The problem hung over my Christmas holiday like mistletoe over my bearded great aunt. Day one of the January term. I pick up the phone, inhale deeply and dial on the exhale. It rings for a nano-second.
"Hello, Locum Recruitment. My name is Arlene. How can I help you this morning?" The greeting is irritatingly chirpy and barbecue crisp with antipodean positivity. I tell her my name and school and she thanks me on first-name terms like a sister. I explain my predicament: three days before the end of the autumn term I receive a last-minute resignation. Class teacher. Year 6. It's complicated. I have no choice but to accept. Sats are around the corner. We need a replacement for two terms.
Arlene assures me that she has lots of teachers who fit my profile. It would give her the greatest pleasure imaginable if she could email me some CVs.
I dial the next agency. This time, a long-lost brother from Johannesburg.
Over the next hour, my inbox is filled with more than a dozen CVs from a clutch of agencies. One is five pages long, listing work at school after school across the capital. Short stays of a few days. I bin it.
Another prospective substitute worked at a burlesque nightclub and taught classes of 60 in Africa using just a blackboard and a piece of chalk. Yet another plays the bassoon to grade three. Another was formerly a cheese-processing operative. Amateur dramatics is listed in all of them.
By the end of the morning I have a long shortlist. I book the favourites for the first four days of term, with a simple brief of preparing two lessons for me to observe. In each case, I soon abandon my observation sheets and wonder how they scraped through training. I book more hopefuls.
More lambs to the slaughter. I send one home at lunchtime. The teacherless class begins to get restless. I prepare myself for the parental backlash.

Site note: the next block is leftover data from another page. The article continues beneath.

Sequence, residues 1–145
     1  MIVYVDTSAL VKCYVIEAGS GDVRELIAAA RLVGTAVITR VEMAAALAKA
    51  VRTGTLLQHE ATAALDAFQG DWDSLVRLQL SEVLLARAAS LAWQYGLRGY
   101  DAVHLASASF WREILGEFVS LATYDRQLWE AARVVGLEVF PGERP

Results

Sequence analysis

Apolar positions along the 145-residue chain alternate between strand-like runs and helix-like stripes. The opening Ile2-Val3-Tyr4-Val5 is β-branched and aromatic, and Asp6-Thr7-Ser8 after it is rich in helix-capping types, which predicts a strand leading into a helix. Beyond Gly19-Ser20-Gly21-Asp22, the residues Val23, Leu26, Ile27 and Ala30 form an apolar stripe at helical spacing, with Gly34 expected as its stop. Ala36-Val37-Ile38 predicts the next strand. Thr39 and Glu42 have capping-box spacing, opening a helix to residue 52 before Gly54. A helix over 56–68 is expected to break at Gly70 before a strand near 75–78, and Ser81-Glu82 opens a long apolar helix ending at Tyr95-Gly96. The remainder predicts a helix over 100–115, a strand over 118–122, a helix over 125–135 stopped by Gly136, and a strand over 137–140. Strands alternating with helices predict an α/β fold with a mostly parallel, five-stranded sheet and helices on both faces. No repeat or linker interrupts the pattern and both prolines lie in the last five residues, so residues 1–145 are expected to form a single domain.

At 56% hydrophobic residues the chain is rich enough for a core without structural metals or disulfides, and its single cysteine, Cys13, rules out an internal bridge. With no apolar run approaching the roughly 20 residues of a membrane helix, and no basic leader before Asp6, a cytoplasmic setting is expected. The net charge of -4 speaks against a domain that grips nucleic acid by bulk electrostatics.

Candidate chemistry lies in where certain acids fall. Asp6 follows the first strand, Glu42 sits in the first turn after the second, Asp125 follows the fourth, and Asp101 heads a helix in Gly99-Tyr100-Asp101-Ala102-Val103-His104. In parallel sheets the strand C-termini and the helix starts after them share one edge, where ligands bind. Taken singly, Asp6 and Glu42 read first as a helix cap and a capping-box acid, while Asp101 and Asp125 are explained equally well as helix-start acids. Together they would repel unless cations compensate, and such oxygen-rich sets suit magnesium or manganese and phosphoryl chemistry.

Finally, like the 291 bus at home-time, two come along at once. Both are strong, dynamic and engaging. One hasn't been told that there is a long-term placement at stake. He asks a colleague if it's usual to be observed four times during a one-off supply day. The other entertains me with the story of how he fell out with his previous head and had to resign.
His story clinches my decision.
In all, I've seen nine supply teachers. The standard has been depressingly poor. I make a new year's resolution to avoid supply teachers like the plague. Sadly, staff absence suggests that the plague is already here and I'll have no choice.
I telephone my new-found sister at Locum Recruitment to negotiate a finder's fee. Impossibly, my news cheers her up. Predictably, her finder's fee brings me down. I think she has added a zero. I query her figure, on a first-name basis.
She repeats the same figure and I hear the smile in her voice. "Supply and demand," she chirps.
Colin Dowland is the acting head of a large junior school in north London